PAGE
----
And I hope you don't say that it's because I've never had a real zeal for religion or a personal relationship with Christ or God. I started college as a theology major, but I couldn't get my questions answered.
I had the exact same questions. Here's how I visualize it:
God (the father) lies outside of our physical universe. The nature of God, the essence of God, is that we lose our ability to communicate with him when our thoughts turn to what has been defined as "sin" (i.e. the ten commandments).
In order to re-establish communications, God (the father) had to engineer a solution where he could commune with us.
The solution was that he manfiested in the flesh a part of the Godhead, Christ, the logos in which he *could* have constant commune provided that the logos in the flesh never sinned.
While Christ was alive, this channel of communication stayed open. When Christ died, this channel remained open because there was no longer any sin or possibility that any sin could close it because it was no longer attached to flesh. Instead it is attached to the spirt of Christ, which cannot sin.
(Joh 10:9 "I am the door; if anyone enters through Me, he will be saved, and will go in and out, and find pasture. )
When we accept the indwelling of God's spirit, the spirit of Christ, then we have access to this channel through the spirit of Christ. Note that we can still "block" it with sin, or we can reject the spirit, but it can never be closed by us because it is not of us.
(Joh 15:5 "I am the vine, you are the branches. He who abides in Me, and I in him, he bears much fruit; for apart from Me you have the power to do nothing. )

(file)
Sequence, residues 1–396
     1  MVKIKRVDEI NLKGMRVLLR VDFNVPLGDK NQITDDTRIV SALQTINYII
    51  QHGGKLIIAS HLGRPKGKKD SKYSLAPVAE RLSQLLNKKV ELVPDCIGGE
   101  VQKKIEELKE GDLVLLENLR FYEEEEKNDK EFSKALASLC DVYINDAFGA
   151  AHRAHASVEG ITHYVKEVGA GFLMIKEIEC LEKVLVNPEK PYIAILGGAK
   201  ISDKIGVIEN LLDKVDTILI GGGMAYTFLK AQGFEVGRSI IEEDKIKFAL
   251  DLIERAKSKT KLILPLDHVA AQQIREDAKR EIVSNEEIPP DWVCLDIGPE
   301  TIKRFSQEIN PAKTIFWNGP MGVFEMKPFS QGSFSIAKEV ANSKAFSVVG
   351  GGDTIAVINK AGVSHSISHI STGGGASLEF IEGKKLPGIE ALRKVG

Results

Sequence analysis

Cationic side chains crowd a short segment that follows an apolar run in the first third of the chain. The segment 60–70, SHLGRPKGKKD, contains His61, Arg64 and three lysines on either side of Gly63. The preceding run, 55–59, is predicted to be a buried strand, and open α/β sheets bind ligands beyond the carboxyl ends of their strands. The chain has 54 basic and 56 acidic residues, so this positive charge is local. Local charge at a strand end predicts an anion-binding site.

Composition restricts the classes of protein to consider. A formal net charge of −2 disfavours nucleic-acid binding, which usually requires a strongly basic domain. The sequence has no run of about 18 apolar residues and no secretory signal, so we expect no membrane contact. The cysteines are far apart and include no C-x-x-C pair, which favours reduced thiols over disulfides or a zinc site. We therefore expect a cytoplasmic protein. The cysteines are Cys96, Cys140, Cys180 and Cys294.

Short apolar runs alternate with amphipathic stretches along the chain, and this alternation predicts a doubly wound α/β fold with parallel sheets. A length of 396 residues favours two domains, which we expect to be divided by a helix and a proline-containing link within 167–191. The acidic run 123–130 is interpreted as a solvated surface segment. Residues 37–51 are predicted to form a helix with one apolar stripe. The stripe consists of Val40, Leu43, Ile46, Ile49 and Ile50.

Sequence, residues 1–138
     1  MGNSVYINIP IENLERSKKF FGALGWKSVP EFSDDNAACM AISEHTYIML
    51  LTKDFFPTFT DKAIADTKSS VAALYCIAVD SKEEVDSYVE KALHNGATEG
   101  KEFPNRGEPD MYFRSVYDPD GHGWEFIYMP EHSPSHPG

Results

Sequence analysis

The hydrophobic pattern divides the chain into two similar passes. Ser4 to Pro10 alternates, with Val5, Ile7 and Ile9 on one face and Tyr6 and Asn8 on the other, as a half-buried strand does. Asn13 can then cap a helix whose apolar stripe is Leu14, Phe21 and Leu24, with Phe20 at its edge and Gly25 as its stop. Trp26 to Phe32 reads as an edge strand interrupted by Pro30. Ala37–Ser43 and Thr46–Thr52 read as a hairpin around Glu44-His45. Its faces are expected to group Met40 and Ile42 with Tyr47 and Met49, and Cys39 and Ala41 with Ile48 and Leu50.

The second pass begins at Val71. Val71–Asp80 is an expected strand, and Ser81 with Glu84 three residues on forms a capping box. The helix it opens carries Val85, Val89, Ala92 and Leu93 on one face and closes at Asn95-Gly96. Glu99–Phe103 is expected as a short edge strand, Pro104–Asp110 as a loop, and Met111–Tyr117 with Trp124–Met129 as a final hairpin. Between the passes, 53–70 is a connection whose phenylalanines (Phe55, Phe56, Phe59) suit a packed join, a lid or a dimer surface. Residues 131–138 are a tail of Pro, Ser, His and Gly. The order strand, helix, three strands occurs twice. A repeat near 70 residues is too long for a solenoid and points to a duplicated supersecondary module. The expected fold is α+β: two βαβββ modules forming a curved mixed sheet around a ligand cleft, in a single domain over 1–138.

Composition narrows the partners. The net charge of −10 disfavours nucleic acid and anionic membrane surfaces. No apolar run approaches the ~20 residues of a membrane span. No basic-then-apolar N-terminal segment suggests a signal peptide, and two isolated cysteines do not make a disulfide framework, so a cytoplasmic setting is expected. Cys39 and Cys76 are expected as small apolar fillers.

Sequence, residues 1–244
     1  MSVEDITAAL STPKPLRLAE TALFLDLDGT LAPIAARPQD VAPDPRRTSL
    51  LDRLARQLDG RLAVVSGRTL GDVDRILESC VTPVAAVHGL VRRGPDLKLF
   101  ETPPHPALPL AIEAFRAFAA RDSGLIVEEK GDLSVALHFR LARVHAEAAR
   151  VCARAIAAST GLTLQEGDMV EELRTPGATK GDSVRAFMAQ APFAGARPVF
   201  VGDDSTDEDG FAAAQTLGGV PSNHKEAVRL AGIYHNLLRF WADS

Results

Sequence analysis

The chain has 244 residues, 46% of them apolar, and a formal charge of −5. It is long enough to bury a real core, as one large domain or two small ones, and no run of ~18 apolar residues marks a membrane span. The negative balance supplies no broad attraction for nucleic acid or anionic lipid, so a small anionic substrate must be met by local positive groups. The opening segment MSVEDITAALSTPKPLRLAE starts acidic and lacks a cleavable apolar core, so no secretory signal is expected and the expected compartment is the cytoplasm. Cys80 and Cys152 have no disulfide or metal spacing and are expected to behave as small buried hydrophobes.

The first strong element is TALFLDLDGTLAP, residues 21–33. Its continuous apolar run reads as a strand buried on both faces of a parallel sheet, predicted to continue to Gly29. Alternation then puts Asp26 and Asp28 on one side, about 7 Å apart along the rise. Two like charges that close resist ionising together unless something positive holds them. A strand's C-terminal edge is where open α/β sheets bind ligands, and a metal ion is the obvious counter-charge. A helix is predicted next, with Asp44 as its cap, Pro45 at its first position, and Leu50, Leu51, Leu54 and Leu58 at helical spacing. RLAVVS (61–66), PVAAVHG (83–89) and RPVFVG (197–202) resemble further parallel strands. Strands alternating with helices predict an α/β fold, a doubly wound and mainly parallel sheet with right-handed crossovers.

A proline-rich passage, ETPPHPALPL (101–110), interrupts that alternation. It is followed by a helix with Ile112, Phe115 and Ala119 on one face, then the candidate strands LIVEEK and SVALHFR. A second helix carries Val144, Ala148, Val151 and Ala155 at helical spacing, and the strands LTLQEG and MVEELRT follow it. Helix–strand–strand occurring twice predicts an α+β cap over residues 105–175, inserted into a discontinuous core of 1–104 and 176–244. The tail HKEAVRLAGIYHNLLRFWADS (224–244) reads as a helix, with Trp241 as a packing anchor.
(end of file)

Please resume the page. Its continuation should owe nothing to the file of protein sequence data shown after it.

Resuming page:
That is WHY Jesus the man had to live and die.
The concept of sacrifice is of course related. God set up a system that emphasized sacrifice so that when the time came to accept God's spirit, we would understand what was involved. What is involved is sacrificing our own selves, our own thoughts, ideas and sins, and embracing the mind of God which we have access to thorugh Christ.
The sacrifice of animals also foretold of course the sacrifice of the physical Christ.
Being sorry isn't enough. Repentence is what is required. When we attempt to live our lives (which invariably is sin) then we need to repent and remember that the channel to God thorugh Christ is only open as long as we are letting Christ lead our lives. In response, our very naturei is transformed day by day to become more like the nature of Christ.
This may just sound like senseless ranting, but I think the problem with theology is that they never try to relate it to real world scenarios...it always seems so distant and ethereral.
You have no idea what I believe.
So take your anti-10 Commandments attitude and just buzz off!